A tactical proposal was made by Dublin Airport that would impose a ban on charter and ad hoc flights in order to try to manage capacity within the 32 million passenger cap. This would damage major international tourism events such as the Europa League Final in soccer and the US College Football Classic, both taking place in the Aviva Stadium in 2024.

The report by Jim Power Economics estimates that the banning of charter flights for once-off high-profile events would cost the Irish economy at least €500 million a year. Aside from the significant economic and reputational damage that would be caused by the banning of such flights, the approach would be ineffectual in addressing the passenger cap issue and has correctly been rejected by airlines.

It is unfortunate that Dublin Airport waited until December 2023 to submit a planning application to make much-needed improvements at the airport and to increase the passenger cap to 40 million per year. The planning process for this application will inevitably take a number of years to conclude. This planning application could and should have been made in 2019, which would have avoided the current difficulties.

In Aer Lingus, our ambition is to power 10 per cent of our flights using sustainable aviation fuel by 2030, which is more ambitious than the level mandated by the European Union

DAA, the operator of Dublin Airport, has been fully aware for many years of the growth plans of airlines based at Dublin, including the investment in new, more sustainable and more fuel-efficient aircraft to enable that growth and contribute to sustainability objectives.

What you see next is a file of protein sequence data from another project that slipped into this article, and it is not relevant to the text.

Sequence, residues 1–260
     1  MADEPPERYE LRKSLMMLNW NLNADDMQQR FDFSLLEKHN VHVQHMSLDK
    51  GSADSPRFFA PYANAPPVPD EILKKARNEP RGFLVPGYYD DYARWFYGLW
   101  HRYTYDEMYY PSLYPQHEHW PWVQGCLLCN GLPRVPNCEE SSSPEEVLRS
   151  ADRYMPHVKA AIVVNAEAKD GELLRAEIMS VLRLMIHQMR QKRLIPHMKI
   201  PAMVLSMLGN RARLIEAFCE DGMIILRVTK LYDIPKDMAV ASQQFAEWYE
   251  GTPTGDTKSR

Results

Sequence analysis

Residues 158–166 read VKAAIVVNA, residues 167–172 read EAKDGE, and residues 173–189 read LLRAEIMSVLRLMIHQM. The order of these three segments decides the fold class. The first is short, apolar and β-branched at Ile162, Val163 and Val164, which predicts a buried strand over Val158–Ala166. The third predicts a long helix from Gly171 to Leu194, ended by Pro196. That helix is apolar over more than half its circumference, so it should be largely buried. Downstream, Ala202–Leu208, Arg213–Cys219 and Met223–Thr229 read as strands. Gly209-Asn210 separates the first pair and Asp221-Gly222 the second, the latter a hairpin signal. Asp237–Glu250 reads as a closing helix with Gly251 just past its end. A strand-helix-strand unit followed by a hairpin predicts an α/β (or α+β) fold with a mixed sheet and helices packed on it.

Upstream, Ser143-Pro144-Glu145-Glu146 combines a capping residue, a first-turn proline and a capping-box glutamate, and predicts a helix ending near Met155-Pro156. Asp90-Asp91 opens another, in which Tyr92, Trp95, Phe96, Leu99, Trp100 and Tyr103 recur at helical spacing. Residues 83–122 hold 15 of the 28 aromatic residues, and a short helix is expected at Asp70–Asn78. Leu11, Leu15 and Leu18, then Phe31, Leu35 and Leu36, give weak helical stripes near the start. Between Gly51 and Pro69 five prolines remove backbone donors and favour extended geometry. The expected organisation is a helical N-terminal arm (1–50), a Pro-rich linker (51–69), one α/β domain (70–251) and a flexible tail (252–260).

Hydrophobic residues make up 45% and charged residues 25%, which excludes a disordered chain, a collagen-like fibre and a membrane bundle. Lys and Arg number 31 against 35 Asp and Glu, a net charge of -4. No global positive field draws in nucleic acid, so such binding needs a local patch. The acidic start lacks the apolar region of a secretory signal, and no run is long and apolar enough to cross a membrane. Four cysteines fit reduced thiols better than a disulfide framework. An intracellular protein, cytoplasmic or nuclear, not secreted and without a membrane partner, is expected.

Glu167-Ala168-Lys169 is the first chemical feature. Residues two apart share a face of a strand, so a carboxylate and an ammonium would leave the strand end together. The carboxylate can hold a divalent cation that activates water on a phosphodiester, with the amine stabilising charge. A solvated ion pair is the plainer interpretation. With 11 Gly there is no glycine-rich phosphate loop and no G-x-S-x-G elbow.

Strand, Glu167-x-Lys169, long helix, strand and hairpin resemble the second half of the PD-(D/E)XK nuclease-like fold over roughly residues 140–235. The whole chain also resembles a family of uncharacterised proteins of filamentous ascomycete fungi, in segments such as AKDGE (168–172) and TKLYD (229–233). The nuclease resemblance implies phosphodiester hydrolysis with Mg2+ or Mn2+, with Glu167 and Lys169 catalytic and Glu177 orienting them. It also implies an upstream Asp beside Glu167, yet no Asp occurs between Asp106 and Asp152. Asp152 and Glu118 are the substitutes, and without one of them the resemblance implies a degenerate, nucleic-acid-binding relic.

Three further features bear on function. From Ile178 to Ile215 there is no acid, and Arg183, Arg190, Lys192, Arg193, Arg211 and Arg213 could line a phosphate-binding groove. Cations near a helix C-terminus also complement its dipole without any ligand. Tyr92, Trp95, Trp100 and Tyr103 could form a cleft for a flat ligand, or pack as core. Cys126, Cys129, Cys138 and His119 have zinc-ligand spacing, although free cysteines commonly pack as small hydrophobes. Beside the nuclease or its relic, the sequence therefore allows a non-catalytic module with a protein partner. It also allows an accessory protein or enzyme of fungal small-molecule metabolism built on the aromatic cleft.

In the context of planned growth, the aviation industry is aware of its carbon impact and its obligations to address challenging environmental issues, and it has committed to achieve net zero by 2050. In Aer Lingus, our ambition is to power 10 per cent of our flights using sustainable aviation fuel by 2030, which is more ambitious than the level mandated by the European Union.

It is also unfortunate that the new north runway, a key infrastructure investment costing €320 million, was opened without the night-time flying restriction issue being resolved, which could reduce the overall capacity of Dublin Airport – an extraordinary outcome following such a large capital investment.

While the past cannot be undone, the current difficulties do point to the importance of Dublin Airport being managed more strategically into the future – reflecting its importance as a strategic national asset. This will demand a new approach to be led by Dublin Airport Authority but also involving inputs from other key stakeholders such as the Government, Fingal County Council, An Bord Pleanála, regulators and airlines.

In the near term, the planning uncertainties urgently need to be resolved. In relation to the passenger cap issue, the steps to resolution should include appropriate exclusion of certain categories of passengers from the calculation for planning permission purposes (such as transfer passengers who don’t use the transport infrastructure serving the airport).

In relation to the issue of restrictions on night-time flights, the key step to resolution is a timely decision by An Bord Pleanála in early 2024 to confirm the noise quota scheme.

The economic impact of failure to resolve the planning uncertainties would be stark.

Lynne Embleton is chief executive of Aer Lingus